The men and women who served in Vietnam, Iraq and other wars showed courage and patriotism. They followed orders. But they deserved better. Their missions were noble, but they failed because the wars were not clearly connected to national interests. Our soldiers did not know why they were fighting, and it was therefore almost impossible to formulate an effective strategy. How can you win if you do not know what winning is?

Perhaps these wars had worthwhile purposes, and perhaps they could have been conducted more successfully. The absence of a clear definition of interests by civilian leaders – Presidents Lyndon Johnson, George W. Bush and others – made it impossible to set appropriate and consistent battlefield priorities. This was particularly true in difficult counterinsurgency conflicts where the native resistance had a clear goal (expel the occupier), and the American occupation army was uncertain whether and why it wished to stay.

Today, more wars similar to Vietnam and Iraq are likely. We face a series of potential conflicts around North Korea, the South China Sea, Syria, Ukraine and Iran. The spread of the Islamic State group and other terrorist groups also draws intensive American military attention. The inexperienced and understaffed foreign policy team around President Donald Trump is increasing the size and aggressive posture of the military, while at the same time cutting tools for diplomacy, multilateral cooperation and international aid. When confronted by its first major foreign policy crisis, which will happen soon, the current administration will turn to the military and deploy troops. The numbers will start small, and they will grow as threats metastasize and the expectations for quick American victories escalate.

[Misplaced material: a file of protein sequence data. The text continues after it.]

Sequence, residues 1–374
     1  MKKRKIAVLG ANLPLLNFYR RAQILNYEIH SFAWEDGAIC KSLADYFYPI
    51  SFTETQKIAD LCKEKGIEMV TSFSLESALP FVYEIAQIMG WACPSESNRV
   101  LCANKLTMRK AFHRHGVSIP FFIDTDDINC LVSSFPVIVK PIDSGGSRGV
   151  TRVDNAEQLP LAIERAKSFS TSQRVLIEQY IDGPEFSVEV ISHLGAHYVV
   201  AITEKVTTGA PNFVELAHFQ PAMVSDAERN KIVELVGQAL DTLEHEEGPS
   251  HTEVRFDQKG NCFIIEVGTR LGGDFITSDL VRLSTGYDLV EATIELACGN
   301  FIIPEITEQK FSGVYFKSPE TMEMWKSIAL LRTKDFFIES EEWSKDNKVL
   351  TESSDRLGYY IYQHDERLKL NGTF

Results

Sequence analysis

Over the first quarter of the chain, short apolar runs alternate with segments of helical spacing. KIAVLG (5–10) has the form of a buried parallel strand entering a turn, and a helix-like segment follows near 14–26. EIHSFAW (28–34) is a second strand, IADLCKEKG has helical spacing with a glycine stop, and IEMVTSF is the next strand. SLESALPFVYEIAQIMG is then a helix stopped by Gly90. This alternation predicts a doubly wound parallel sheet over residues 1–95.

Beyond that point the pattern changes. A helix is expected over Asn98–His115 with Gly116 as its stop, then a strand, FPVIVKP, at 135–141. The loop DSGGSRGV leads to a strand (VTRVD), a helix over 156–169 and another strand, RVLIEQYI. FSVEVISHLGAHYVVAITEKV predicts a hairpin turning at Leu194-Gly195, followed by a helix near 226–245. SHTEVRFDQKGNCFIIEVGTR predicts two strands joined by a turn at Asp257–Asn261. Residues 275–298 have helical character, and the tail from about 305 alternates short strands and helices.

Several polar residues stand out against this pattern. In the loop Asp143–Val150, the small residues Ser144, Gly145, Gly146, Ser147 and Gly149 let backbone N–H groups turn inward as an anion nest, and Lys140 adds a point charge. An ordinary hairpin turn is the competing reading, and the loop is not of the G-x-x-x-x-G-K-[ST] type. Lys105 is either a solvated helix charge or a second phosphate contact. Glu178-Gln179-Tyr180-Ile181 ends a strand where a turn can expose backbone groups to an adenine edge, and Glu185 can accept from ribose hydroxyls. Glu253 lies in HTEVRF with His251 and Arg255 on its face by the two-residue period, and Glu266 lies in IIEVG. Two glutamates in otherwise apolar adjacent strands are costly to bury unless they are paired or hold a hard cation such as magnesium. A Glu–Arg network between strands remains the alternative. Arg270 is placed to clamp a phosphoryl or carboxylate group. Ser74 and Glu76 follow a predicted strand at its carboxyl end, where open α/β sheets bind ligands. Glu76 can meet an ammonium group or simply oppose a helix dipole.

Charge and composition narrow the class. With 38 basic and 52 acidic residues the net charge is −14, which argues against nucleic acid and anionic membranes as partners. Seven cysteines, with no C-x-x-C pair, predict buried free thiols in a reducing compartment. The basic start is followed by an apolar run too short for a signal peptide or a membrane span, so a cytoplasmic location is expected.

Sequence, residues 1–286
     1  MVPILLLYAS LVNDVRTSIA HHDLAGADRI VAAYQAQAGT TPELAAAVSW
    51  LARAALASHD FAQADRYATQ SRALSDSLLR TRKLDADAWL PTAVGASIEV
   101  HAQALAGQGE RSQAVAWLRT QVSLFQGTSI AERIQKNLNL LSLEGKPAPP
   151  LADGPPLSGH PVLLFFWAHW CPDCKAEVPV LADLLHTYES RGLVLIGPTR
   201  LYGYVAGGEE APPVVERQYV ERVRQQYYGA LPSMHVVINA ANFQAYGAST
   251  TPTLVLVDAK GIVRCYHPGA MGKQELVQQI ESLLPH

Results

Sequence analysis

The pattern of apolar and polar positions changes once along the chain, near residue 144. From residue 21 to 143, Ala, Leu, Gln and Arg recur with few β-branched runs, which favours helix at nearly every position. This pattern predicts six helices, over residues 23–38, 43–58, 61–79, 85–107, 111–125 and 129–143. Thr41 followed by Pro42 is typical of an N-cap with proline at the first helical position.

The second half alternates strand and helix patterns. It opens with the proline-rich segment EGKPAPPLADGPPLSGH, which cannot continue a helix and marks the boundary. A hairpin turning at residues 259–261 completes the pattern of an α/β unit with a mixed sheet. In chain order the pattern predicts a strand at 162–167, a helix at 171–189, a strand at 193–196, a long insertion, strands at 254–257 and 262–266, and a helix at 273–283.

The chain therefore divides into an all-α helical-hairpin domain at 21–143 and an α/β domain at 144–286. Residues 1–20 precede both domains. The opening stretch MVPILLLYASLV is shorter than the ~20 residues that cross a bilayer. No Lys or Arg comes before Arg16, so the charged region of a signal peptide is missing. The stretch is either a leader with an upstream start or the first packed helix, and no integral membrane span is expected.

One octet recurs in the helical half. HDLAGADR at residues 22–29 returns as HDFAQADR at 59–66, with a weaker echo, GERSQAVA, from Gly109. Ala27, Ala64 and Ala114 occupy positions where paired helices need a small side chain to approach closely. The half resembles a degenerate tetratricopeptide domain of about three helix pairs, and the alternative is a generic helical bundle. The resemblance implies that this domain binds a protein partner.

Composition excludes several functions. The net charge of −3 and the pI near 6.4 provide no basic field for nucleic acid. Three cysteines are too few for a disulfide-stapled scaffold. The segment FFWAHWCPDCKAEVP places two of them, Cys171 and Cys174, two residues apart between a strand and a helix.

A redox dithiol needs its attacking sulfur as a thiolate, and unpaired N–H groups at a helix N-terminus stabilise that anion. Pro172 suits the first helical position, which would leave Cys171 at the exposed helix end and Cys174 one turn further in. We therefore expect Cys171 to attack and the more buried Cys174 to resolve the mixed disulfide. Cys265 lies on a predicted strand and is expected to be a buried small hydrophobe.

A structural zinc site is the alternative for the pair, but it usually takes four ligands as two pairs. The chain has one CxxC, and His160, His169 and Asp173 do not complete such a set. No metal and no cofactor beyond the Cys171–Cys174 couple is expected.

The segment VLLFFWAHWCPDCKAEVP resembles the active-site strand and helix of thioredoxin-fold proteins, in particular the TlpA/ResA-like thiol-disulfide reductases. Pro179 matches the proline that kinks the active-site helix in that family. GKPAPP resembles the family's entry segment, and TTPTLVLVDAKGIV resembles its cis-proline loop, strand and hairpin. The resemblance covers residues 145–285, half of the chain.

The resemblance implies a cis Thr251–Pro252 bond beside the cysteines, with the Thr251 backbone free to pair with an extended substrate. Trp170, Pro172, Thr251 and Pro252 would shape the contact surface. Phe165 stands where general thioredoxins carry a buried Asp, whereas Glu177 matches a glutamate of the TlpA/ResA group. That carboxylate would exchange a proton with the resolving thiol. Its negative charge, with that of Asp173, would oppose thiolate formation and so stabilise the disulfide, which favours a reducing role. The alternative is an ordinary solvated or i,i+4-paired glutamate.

This is our history. It is also our present and our future. As a global power, we cannot turn back to a time of small armies and infrequent American wars abroad. Let us instead use this Memorial Day to prepare for the foreign policy challenges we have recently neglected by asking our leaders to clearly articulate our national interests and define our priorities. We can then demand that future service members are sent into battle only when their efforts are truly vital for the nation’s security and freedom. This does not require isolationism, but instead a more deliberate, careful and well-planned use of American force. We owe those who have already given their lives for our country nothing less.